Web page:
In FIG. 1 an electronic power control unit is shown to provide increasing power as a function of time. The power control unit of FIG. 1 uses a gate means 14 to control the response to the closing of contacts 13. The gate 14 is actuated by the combined signals received at the closure of contracts 13 and from the rectified half wave pulse received from the AC power line 16 through lead 17 and diode 18 to input 19 of the gate 14. The input 21 of the gate is the path for receiving the signals resulting from the closure of contacts 13. Means such as pulse shaper 22 provides a usable series of pulse responsive to the beginning and end of every half cycle received from diode 18.

The pulse shaper 22 can be any well known circuitry utilized for providing pulses at the beginning and end of each half cycle. The pulse shaper 22 is shown having output 23 that can provide time displaced pulses at a, b, c, or d. Thus, the outputs a, b, c, or d vary in a timed sequence as selected by controls (not shown) on the pulse shaper 22. The output of the pulse shaper 22 is fed into a counter 24. The counter 24 may be any well known binary type counter that is set to give an output after a certain specified number of pulses received at its input 26.

The plurality of leads A, B, C, or D, from the counter indicate output signals provided after different number of pulses. Thus, for example, output A is energized responsive to two pulses, B to four pulses, C to six pulses and D to eight pulses. The outputs A, B, C, D are all connected to phase control circuit 27 which contain well known circuitry for varying the phase of the power at the output 28 of the phase control unit. The input power to the phase control unit is regular AC power provided over lead 29.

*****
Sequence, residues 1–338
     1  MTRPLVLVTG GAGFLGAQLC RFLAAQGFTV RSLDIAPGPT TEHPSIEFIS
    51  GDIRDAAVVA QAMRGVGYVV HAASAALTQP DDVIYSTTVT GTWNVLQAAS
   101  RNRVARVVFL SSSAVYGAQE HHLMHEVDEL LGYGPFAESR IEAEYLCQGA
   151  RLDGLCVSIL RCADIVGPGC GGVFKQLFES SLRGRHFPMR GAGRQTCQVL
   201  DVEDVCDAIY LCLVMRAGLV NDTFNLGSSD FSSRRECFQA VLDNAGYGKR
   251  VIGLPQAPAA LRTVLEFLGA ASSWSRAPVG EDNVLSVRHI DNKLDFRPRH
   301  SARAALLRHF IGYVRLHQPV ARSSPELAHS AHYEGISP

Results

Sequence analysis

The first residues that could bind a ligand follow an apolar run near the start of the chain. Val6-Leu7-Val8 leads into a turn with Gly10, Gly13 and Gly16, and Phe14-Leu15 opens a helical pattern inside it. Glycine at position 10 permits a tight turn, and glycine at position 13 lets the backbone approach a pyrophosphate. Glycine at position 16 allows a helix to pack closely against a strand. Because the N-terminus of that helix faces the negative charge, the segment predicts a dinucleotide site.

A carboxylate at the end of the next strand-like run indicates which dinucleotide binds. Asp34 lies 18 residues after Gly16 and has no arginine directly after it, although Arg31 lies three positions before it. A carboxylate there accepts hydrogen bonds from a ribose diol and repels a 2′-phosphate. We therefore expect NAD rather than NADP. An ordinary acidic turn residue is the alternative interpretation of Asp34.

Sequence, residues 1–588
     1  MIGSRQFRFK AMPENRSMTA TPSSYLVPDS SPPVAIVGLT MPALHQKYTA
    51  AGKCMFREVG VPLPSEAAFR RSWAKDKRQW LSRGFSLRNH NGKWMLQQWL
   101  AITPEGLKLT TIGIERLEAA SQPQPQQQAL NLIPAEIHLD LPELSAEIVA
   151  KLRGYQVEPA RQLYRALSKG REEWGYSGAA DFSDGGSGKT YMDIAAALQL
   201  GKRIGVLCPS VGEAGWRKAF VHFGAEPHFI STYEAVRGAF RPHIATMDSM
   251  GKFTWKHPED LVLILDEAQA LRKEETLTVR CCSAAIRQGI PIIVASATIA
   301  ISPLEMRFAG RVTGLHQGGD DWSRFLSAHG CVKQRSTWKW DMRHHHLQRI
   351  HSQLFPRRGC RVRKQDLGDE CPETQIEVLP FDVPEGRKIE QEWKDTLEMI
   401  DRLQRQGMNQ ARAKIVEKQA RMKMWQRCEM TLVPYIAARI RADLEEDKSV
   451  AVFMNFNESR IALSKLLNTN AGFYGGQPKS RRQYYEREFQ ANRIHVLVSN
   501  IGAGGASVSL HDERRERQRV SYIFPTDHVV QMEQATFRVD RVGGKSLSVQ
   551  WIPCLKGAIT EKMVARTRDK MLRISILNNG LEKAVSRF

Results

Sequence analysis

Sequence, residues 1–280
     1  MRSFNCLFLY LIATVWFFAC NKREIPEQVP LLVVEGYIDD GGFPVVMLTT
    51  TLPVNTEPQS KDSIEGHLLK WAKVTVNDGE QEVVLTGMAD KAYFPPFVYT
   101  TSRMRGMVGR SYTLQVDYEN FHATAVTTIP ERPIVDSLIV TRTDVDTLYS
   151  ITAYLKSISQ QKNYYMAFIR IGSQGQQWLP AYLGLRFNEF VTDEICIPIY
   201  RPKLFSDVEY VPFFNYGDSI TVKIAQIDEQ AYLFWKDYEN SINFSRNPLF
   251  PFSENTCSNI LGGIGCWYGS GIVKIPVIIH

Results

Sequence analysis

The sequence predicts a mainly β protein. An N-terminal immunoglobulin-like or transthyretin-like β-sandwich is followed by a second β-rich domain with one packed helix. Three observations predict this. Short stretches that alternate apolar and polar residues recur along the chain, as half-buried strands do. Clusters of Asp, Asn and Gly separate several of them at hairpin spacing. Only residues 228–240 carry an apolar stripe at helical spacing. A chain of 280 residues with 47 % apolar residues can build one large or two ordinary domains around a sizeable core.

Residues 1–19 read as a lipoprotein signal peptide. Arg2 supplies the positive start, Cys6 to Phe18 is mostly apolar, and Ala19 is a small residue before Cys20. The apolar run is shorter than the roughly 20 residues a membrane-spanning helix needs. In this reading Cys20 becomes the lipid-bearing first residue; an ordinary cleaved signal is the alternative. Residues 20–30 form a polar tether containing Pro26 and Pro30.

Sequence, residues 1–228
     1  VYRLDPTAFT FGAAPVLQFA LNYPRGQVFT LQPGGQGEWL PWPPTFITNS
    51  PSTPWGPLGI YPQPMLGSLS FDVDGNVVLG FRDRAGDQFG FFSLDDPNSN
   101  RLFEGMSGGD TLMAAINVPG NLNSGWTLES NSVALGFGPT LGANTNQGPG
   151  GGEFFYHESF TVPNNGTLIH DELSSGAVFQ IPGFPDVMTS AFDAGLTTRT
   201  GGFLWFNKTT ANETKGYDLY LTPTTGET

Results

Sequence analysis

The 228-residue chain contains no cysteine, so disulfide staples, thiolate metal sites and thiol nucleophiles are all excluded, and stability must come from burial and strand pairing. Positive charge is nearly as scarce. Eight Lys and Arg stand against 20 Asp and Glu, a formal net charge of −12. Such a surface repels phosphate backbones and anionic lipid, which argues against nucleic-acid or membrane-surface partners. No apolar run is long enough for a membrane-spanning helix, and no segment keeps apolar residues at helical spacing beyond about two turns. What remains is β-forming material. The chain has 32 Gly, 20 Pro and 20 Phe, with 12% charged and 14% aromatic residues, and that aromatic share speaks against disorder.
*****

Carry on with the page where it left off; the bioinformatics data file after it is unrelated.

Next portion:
The phase control unit operates responsive to the input received from the counter to vary the phase and consequently the amount of power supplied at output 28 as a function of the number of pulses counted by the counter. For example, the phase control unit 27 is set to initially operate responsive to a signal received at the A input of the phase control unit. Unit 27 thus operates to vary the phase of the power received or supplied at output 28 responsive to the two pulses counted by counter 24. Then the power supplied is the R.M.S. power obtained from the left side of the vertical line Y of FIG. 2. Therefore, a relatively small amount of R.M.S. power is initially provided to operate the electronic switch 30. Switch 30 is a regular power transistor switch operated to provide the gradually increasing power input to the lamp 31.